December 2015: Time to start loading the 12 bores

So, with prices continuing to drop and general depression around the market, NPA has done what it does best and come out fighting. As I’ve said before, we have been keeping our powder dry, but now is the time for us to start loading those 12 bores! We’re starting with our Christmas GammonWatch, which is highlighting how retailers are doing with their support for British gammons, and is something that every member can and should get involved in.

We’d like reports from across the country covering all of the major retailers, as the evidence that we collect will be gold dust for us when we have our regular retail meetings. So please get out there and start helping! It only takes a couple of minutes to do, and from the reports coming in so far, the situation does not look good. Prices are not going up any time soon, so we need to stimulate more demand – and this is the perfect time to do it.

I have to say the meetings we had earlier this month with Defra’s Secretary of State Liz Truss and farming minister George Eustice went very well. The primary reason for the meetings was to express our concern about Defra’s increasing involvement in how AHDB Pork spends its levy, especially in relation to promotion, and to confirm that our farmers really had been supportive of the pulled pork campaign and how it was run. George was concerned that too much money was being spent on expensive marketing companies, but Liz was all for promotion.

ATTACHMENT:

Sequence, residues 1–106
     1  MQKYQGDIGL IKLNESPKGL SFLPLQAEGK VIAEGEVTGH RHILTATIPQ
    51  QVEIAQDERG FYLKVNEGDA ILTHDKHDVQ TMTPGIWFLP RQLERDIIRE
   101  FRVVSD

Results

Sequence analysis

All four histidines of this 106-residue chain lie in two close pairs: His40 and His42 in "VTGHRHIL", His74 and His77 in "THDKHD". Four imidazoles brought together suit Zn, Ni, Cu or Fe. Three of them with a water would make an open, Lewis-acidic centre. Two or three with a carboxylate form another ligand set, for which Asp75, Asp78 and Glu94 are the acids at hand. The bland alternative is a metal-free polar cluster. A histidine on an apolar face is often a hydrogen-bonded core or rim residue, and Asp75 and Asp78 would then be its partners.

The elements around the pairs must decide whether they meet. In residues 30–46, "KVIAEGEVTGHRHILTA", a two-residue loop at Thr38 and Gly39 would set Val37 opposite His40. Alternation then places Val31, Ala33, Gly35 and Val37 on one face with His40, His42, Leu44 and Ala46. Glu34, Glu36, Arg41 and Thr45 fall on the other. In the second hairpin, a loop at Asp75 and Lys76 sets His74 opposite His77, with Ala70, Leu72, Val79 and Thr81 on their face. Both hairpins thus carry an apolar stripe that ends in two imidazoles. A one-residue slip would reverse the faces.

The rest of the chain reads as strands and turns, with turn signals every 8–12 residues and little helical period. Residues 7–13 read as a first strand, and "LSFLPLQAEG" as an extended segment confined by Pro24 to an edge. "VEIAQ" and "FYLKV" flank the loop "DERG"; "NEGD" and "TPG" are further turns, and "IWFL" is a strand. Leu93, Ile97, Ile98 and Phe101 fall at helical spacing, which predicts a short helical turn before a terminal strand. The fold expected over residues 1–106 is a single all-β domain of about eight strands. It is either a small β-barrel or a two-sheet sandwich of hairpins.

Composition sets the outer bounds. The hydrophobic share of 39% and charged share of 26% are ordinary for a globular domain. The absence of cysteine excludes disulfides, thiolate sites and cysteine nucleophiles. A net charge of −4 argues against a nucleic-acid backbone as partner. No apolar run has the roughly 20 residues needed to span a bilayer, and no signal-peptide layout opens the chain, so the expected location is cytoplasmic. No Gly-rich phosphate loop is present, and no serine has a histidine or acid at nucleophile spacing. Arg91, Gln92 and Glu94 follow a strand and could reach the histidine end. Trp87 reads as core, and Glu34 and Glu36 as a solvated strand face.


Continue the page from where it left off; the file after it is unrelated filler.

I just hope Liz is able to sort out the Government procurement issue. Currently, Government buying standards state that all meat procured for use by Government departments (and they are hoping to extend this to hospitals, schools and prisons) should be produced to British standards. They even recognise that for pork and chicken, UK welfare standards are more stringent than in the EU, but then perversely use this as a get-out clause.

So if procurers find that British standard pork is prohibitively expensive (as a result of UK Government levying heavier welfare requirements on its farmers), then they can basically switch to EU standard product! Absolutely bonkers! Liz told me that the British Government had committed to only supplying product to British standards by 2020, so they’d best get their skates on and sort it out.

We’ve come under quite a bashing on antibiotic use during the past few weeks following the release of last year’s antibiotic sales data, and the revelation that the pig sector has used more antibiotics despite decreasing herd size (although no mention of the increasing productivity of that herd!).

Our friends at the Soil Association and CIWF pounced on it and started calling for absurd reduction targets and prevention of any preventative use that would result in a huge health and welfare issue. We then have to try and balance the debate, so thank god for the Responsible Use of Medicines in Agriculture Alliance that does a good job of providing evidence to help explain the complicated science behind this issue.

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About The Author

Dr Zoë Davies is chief executive of the NPA. For more information visit: